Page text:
A regulation made under subsection (5.1) may exempt a group or class of persons or railway companies, or a kind of railway work.

It's not very transparent why this is proposed. Having this debate at the finance committee makes no sense; it should be in front of this committee.

I then looked at section 16 of the Railway Safety Act. What does it talk about? Well, let me tell you what it talks about:

That the proponent of a railway work, and each beneficiary of the work, may refer the apportionment of liability for the construction, alteration, operation or maintenance costs of the work to the Agency for a determination if they cannot agree on the apportionment and if no recourse is available under Part III of the Canada Transportation Act or the Railway Relocation and Crossing Act. The referral may be made either before or after construction or alteration of the work begins.

We're just trying to understand what this is all about, and so I went back to look at part III of the Canada Transportation Act and realized that this section 16 and the Marine Act and the Air Transport Security Authority Act—which I am going to get into—are really complex.

What we've noticed is the centralization of power in the ministers and the cabinet, that is, in the order in council.

Do we believe in that direction? Why are we doing this with the ports? Why are we doing it with air transport?

10:45 a.m.

Conservative

The Chair Merv Tweed

Mr. Coderre, on a point of order.

10:45 a.m.

Liberal

Denis Coderre Bourassa, QC

Mr. Chair, I understand that we need to end the meeting at 10:45 a.m. and it is already 10:45 a.m. As usual, the NDP are playing for time until the last minute. I think we should suspend the meeting because it is 10:45 a.m. and hold the vote at the next meeting.

10:45 a.m.

Conservative

The Chair Merv Tweed

I was just going to stop Ms. Chow and advise her that if she had more to offer, we would pick it up at the start of the next meeting.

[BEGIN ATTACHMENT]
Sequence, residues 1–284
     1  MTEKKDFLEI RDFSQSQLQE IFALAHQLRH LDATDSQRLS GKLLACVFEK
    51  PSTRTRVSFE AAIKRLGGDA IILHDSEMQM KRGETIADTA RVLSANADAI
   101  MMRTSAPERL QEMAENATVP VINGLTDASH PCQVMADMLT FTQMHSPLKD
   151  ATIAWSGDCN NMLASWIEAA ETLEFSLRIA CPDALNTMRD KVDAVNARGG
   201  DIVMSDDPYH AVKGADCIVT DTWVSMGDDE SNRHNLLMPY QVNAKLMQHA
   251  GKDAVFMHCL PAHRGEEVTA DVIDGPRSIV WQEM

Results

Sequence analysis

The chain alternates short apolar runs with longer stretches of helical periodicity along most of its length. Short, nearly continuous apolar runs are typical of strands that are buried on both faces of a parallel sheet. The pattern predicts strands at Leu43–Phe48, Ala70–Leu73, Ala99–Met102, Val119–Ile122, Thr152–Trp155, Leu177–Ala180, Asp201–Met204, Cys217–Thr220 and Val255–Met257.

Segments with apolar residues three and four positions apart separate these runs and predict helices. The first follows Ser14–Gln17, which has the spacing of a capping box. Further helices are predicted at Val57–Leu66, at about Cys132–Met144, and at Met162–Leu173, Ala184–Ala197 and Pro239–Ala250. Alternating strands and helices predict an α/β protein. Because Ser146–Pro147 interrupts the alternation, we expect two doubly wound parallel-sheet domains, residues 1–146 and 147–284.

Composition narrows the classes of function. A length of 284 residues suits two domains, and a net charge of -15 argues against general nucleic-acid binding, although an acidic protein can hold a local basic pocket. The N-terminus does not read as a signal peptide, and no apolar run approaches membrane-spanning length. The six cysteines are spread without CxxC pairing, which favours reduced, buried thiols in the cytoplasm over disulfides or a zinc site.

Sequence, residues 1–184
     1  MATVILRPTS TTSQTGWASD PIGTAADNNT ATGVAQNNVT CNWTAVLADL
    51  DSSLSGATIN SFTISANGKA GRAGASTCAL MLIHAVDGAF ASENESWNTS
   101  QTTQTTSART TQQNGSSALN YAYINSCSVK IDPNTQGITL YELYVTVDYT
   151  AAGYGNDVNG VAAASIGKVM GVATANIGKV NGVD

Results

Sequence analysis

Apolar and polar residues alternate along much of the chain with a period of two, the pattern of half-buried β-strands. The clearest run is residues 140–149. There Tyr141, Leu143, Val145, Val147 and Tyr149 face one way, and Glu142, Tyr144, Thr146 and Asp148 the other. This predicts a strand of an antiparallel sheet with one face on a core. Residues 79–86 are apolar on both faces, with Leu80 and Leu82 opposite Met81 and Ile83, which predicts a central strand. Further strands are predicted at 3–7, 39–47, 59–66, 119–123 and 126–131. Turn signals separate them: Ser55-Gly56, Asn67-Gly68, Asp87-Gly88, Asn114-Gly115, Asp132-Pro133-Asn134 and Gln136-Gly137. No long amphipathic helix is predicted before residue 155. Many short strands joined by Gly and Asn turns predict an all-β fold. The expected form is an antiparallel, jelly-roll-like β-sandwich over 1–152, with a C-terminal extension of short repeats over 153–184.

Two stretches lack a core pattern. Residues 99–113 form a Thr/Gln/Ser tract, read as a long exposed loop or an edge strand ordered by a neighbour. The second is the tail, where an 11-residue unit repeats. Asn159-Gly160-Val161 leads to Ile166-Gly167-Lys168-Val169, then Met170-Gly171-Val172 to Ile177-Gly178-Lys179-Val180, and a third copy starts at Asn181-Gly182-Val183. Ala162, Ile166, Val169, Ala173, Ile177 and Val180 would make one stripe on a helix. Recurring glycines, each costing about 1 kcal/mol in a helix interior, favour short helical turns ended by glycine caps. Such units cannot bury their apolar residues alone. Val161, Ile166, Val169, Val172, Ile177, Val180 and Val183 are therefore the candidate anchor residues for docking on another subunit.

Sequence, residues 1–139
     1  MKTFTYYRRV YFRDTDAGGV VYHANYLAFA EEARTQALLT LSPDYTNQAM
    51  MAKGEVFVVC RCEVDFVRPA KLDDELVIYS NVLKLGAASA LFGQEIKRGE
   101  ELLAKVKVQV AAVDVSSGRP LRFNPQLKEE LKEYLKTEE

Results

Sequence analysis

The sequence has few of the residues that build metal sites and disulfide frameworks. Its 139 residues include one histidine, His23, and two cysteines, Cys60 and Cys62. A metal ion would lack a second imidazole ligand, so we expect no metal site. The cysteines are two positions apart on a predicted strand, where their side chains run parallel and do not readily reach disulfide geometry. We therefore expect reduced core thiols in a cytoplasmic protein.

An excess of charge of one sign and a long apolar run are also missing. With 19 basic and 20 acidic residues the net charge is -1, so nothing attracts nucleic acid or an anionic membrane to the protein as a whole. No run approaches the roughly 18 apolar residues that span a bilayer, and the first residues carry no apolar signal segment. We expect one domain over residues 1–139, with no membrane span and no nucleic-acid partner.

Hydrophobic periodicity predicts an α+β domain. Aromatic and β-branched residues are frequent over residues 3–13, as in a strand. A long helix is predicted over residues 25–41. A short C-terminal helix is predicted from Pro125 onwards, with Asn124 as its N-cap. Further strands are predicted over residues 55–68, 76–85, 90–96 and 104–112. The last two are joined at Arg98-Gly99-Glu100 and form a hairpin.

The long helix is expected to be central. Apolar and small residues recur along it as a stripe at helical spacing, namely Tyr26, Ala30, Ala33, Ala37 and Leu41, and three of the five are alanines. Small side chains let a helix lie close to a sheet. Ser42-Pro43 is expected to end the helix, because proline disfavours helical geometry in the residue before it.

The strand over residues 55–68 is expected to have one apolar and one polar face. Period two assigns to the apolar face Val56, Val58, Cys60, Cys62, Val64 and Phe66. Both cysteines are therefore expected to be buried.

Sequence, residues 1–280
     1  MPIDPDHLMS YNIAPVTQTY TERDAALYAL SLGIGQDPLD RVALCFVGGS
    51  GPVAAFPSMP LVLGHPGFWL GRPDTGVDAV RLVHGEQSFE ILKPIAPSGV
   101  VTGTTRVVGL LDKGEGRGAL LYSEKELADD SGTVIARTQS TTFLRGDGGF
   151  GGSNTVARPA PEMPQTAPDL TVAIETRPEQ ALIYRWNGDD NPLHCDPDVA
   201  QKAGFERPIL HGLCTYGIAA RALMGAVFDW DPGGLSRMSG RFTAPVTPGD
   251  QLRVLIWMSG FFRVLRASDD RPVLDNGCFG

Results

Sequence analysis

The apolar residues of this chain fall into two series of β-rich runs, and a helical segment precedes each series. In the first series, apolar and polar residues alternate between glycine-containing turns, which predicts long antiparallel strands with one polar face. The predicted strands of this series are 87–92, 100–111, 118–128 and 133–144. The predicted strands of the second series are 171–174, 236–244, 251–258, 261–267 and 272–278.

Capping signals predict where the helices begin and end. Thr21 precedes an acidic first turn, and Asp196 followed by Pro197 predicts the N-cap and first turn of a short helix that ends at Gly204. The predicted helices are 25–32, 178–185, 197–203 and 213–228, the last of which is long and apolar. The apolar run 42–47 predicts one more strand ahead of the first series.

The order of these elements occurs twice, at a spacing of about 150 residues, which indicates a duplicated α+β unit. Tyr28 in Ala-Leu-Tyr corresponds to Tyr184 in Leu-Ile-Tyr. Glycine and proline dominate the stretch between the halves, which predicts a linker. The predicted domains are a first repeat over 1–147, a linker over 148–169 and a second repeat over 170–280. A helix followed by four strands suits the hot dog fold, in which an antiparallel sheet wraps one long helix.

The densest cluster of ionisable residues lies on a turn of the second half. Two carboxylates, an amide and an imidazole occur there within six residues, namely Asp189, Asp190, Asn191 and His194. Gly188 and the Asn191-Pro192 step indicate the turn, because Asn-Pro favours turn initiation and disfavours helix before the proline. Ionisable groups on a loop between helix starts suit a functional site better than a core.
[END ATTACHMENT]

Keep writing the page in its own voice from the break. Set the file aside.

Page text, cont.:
10:45 a.m.

An hon. member

At the start of the next meeting?

10:45 a.m.

Conservative

The Chair Merv Tweed

I will advise our guests, as I'm not prepared to invite guests if we're going to take two hours.

So I guess I need some direction from Ms. Chow as to how long this debate will take. I'm just asking, because it's not beneficial for us to invite guests here and not have them participate.

10:45 a.m.

Conservative

Pierre Poilievre Nepean—Carleton, ON

Can we have a vote?

10:45 a.m.

NDP

Olivia Chow Trinity—Spadina, ON

Excuse me, on a point of order, I do have the floor still, and technically I can continue until tonight through supper.

10:45 a.m.

Conservative

The Chair Merv Tweed

Unfortunately you can't, because I'm ending the meeting.

10:45 a.m.

NDP

Olivia Chow Trinity—Spadina, ON

Mr. Chair, pardon me for saying so, but if a member of Parliament at a committee chooses to, she or he can continue speaking. You cannot stop a member of Parliament from speaking, and neither can a committee.

If I want to continue talking until 4 a.m., I have every right to do so. You cannot stop the meeting.

10:45 a.m.

Conservative

The Chair Merv Tweed

I'm sorry, Ms. Chow, but I am going to stop the meeting now, and I will ask you to pick up at the next meeting where we have left off. If you choose, you can send me a note advising how much time you need so I can advise our guests.

10:45 a.m.

NDP

Olivia Chow Trinity—Spadina, ON

I will.